Friday 9 May ~
Last night, QPR's Luigi de Canio became the first manager to be sacked since the end of the regular Football League season. He claimed to have been “stunned” by his dismissal but that seems unlikely given that QPR have been inked with a long list of high-profile managers and players, including Zinedine Zidane and Luis Figo, over the past couple of months. On taking over the club, chairman Flavio Briatore commented that he and his co-owners, Bernie Ecclestone and Lakshmi Mittal, “want to have some fun”. This may have sounded harmless to him but it may yet prove to be a chilling prophecy.
A billionaire's idea of fun in a football context is to have a team that you can show off to your friends. The expectation will be that they play entertaining football, generate a ton of positive publicity – allowing for some “cross-fertilisation” with your other business interests – and, surely, win a few trophies. (One fun suggestion that had to be promptly scrapped was a summer friendly with Real Madrid at Wembley for which QPR would make an estimated loss of around £500,000.)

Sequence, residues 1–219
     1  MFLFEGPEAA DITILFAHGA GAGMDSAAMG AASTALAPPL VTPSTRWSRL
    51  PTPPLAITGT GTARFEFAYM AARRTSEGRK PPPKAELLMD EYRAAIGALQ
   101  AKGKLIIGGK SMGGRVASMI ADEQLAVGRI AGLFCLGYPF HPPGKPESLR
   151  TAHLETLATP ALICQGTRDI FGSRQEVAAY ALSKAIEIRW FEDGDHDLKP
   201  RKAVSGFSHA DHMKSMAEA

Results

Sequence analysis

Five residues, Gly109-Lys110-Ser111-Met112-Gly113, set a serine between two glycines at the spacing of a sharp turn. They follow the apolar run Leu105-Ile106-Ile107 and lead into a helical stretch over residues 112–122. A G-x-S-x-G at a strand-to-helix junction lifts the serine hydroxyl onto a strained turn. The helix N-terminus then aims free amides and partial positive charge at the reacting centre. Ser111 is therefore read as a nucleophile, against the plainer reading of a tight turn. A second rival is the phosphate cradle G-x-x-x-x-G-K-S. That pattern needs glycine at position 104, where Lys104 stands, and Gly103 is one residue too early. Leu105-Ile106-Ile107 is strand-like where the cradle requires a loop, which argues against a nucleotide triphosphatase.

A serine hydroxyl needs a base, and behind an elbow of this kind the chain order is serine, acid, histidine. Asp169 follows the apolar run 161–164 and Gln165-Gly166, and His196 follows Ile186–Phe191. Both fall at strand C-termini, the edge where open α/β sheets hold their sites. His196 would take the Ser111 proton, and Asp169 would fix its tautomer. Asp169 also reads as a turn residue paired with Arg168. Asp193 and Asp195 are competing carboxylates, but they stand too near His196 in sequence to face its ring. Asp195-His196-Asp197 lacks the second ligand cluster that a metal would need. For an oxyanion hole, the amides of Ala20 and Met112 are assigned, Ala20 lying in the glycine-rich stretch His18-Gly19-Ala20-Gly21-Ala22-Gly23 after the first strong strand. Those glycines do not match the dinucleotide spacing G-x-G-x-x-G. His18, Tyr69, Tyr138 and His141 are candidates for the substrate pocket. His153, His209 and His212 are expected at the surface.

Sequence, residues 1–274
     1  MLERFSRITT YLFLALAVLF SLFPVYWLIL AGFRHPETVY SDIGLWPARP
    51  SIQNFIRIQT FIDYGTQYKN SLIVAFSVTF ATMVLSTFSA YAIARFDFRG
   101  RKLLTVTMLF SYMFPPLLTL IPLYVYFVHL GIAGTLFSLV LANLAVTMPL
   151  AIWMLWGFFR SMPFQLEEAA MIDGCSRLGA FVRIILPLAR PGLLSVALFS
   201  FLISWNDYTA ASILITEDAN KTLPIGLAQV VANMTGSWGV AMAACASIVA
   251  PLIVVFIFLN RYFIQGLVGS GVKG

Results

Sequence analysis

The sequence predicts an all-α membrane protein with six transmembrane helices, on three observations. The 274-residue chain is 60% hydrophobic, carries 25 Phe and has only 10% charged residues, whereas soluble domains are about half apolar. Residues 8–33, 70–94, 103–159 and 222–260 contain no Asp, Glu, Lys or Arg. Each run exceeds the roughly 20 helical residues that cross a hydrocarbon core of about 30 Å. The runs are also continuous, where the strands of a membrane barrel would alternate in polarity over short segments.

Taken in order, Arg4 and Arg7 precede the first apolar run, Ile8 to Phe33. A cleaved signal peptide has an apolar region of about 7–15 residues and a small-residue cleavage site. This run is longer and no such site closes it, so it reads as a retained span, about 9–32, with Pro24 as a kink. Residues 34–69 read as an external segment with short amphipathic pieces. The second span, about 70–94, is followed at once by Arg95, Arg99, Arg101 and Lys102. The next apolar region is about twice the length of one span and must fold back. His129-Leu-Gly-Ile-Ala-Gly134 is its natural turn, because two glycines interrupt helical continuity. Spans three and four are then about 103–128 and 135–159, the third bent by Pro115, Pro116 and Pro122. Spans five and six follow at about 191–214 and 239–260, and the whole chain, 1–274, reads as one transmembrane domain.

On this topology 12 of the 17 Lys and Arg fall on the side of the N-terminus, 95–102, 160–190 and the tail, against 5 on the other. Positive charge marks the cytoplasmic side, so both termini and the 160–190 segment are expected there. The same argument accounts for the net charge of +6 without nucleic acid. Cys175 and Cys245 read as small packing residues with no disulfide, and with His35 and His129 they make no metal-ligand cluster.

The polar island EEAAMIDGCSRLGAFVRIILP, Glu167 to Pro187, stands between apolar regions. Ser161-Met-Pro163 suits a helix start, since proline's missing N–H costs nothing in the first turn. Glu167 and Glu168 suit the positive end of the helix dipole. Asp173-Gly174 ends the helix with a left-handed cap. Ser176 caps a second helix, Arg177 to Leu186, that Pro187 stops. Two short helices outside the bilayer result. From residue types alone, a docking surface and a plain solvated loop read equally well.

QPR might indeed walk away with the Championship next season as they are expected to be the division's top spenders over the summer. But success can't be guaranteed. Within the last few years, Watford and Forest are just two examples of clubs at QPR's current level who failed dismally after splashing out on high-profile young managers – Gianluca Vialli and David Platt respectively – both of whom wasted millions in bringing in uninterested and ageing players from Serie A. Sam Allardyce has been a regular visitor to Loftus Road over the past couple of months and would appear to be the favourite to replace De Canio. He and his enormous back-up team of coaches, physios, dieticians and computer analysts could of course prosper in the Championship, having done so at a higher level with Bolton.
But succeeding at the next level up is a whole other matter. One might wonder how much fun QPR's owners will still be having in two or three years' time if the team is just about holding their own in the Premier League. Or if they are still stuck in the Championship having gone through at least a couple of managers and a small army of highly-paid players. In the meantime, QPR's spending is sure to have an inflationary effect on wages and transfer fees in the Championship just as Roman Abramovich's excesses have damaged the financial structure of the Premier League.